Court Cards in Tarot

Interpreting Court Cards in Tarot

Your tarot deck comprises two parts: the Major Arcana and the Minor Arcana. Part of the Minor Arcana are the court cards in tarot that comprises sixteen cards. Each suit (Wands, Cups, Swords, and Pentacles) contains four court cards: the Page, the Knight, the Queen, and the King.

Although men and women are shown on these cards, it is not necessarily about their gender. Court cards are about people with their personality. This means that all court cards can be any gender.

Also, the court cards say nothing about age or maturity. Even an older person can easily pass for a young Page. This tells us something about how they think, feel, or behave. It also shows what their motivation is to do or not do certain things.

  • Page of Wands
  • Knight of Wands
  • Queen of Wands
  • King of Wands
  • Page of Cups
  • Knight of Cup
  • Queen of Cups
  • King of Cups
  • Page of Swords
  • Knight of Swords
  • Queen of Swords
  • King of Swords
  • Page of Pentacles
  • Knight of Pentacles
  • Queen of Pentacles
  • King of Pentacles

Myer-Briggs Personality Indicators

Around 1940, Isabel Briggs Myers and her mother Kathrine Briggs developed a model for a personality test. They based this on the ideas of the then very popular Carl Jung. Carl Jung already used tarot cards in his treatments. Whether it is a coincidence that there are sixteen court cards and sixteen personality types, I do not know.

Court cards in your reading

The court cards you receive in your reading tell you everything about the personality type of yourself or that of the person you are reading for. That doesn’t always have to be the authentic type of who you really are. You can also (unconsciously) choose an ego reaction that is far from who you really are. And sometimes you can read advice in the card about the way you could behave.

But you can go even further. A court card does not come alone and is surrounded by other cards. Therefore, look at the surrounding cards to find out more about the situation. Especially look at the card that the court cards looks at.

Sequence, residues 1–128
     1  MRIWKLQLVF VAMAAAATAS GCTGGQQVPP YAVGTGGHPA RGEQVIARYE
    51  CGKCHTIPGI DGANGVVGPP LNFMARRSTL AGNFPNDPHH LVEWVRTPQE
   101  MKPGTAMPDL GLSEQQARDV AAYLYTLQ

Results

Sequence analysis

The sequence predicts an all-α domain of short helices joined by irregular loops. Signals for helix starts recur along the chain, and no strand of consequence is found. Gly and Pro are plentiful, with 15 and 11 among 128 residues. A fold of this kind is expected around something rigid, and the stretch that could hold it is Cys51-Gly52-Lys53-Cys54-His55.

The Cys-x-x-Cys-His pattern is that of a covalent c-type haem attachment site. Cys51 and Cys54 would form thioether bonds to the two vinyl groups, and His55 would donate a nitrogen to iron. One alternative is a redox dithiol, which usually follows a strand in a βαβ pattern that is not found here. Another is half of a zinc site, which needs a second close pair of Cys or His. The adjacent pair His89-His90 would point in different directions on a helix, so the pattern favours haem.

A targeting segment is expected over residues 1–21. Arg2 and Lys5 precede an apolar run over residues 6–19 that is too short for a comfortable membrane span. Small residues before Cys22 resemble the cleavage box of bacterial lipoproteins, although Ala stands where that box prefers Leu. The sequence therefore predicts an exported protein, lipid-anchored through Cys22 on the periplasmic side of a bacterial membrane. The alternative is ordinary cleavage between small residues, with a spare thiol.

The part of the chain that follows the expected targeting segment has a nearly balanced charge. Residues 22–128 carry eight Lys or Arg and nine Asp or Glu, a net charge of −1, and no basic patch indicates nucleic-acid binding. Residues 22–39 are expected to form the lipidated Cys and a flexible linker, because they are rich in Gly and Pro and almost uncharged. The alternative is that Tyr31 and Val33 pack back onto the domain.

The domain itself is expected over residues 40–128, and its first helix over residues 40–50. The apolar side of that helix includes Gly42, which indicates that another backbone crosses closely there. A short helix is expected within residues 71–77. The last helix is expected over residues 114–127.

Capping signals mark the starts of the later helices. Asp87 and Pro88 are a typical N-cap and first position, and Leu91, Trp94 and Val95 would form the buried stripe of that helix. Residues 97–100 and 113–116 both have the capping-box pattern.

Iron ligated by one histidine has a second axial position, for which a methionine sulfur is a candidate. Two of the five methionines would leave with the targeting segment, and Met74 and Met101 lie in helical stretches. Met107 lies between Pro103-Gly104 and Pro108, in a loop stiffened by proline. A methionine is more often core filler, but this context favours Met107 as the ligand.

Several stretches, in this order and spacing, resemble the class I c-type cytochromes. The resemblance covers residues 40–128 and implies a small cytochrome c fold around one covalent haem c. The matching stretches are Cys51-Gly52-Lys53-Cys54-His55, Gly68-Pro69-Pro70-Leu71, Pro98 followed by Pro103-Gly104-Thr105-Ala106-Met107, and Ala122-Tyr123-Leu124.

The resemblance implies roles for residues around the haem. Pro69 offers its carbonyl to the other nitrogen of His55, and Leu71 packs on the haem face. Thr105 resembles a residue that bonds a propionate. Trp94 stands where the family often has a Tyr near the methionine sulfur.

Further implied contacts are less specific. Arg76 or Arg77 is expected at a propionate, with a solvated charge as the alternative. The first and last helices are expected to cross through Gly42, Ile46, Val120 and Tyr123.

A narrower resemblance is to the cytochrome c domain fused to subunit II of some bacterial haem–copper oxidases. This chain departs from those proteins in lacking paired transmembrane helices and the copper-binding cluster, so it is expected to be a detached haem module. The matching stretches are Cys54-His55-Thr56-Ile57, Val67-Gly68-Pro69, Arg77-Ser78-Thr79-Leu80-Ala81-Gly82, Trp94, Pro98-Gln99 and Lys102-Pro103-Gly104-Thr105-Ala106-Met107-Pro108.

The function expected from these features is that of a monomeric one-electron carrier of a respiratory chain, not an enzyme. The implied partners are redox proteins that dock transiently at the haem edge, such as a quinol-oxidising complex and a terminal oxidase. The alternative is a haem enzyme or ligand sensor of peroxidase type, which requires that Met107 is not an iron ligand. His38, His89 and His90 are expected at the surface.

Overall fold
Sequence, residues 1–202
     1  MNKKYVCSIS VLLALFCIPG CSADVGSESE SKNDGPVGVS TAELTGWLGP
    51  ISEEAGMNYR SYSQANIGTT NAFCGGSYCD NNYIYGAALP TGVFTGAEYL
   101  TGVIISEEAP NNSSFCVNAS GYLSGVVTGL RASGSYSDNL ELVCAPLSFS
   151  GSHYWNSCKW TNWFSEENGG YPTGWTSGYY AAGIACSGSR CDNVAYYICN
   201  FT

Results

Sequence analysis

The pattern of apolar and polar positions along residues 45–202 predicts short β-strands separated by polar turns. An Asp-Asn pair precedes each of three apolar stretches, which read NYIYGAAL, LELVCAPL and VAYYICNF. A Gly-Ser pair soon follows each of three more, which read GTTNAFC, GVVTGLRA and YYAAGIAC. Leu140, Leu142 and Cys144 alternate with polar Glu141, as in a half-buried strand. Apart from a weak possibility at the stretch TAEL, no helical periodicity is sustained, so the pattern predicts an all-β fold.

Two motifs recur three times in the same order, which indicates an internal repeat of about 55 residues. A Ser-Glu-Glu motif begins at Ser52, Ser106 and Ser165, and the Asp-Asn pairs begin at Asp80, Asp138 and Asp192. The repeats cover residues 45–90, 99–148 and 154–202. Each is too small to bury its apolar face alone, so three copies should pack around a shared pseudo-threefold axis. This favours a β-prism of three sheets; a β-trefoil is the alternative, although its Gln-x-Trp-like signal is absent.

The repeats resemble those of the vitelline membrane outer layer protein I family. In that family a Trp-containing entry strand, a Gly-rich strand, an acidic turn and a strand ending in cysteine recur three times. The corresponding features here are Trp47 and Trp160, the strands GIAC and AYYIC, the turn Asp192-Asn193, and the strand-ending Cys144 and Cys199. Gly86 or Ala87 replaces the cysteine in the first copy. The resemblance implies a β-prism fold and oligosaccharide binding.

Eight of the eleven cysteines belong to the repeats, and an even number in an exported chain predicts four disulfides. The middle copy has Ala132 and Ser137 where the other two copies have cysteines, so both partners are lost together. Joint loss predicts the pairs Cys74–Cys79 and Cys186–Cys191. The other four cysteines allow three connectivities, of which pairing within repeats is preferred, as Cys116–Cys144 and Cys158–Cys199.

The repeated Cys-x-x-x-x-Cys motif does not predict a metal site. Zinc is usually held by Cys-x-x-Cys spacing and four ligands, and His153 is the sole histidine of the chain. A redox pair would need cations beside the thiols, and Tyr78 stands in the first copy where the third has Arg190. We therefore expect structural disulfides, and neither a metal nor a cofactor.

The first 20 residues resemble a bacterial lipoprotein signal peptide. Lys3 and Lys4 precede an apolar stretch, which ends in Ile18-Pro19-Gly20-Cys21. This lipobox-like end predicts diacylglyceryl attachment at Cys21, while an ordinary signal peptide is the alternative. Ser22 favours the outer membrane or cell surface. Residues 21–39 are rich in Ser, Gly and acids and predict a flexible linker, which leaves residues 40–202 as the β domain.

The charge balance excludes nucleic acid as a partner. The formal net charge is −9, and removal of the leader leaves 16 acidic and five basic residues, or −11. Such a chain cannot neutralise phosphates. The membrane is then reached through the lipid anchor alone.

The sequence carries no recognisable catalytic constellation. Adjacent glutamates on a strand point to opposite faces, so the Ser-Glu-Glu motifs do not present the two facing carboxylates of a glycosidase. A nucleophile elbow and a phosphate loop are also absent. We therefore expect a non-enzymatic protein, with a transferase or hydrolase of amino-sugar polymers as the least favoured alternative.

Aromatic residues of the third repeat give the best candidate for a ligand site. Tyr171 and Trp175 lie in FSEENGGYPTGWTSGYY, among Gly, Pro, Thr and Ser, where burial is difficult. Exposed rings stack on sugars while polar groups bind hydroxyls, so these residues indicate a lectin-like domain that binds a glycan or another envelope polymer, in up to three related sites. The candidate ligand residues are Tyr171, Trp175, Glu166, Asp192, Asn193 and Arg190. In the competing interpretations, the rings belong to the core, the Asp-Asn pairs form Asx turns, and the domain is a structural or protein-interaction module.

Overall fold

Interpreting court cards well

First, let’s go back to the time when the court cards appeared on the tarot deck. There were kingdoms with a very clear hierarchy for everyone in that kingdom.

All kinds of courtiers who all had their own task surrounded the king and queen played a role in many medieval stories. The Pages served the Knights and were often in training to become knights themselves, eventually. The Knights served their Queen and ‘defended’ her during the games. Although the Queen was married to the King, she had her own very special influence on the politics in the country that the King decided upon. The final responsibility lay entirely with the King.

The Page was often young (a child) and had a lot to learn. The Knight was a young adult action-oriented person who really wanted to get something done (he wanted to be seen). The Queen was mature and connected to herself and could be both caring and strict. The King was the most mature at court and was supposed to know all the rules and be in complete control of his feelings, emotions, thoughts, and actions.


  • Go to the page of the Pages
  • Go to the page about the Knights
  • Visit to the page about the Queens
  • Go to the page about the Kings
  • Go to the page about the Minor Arcana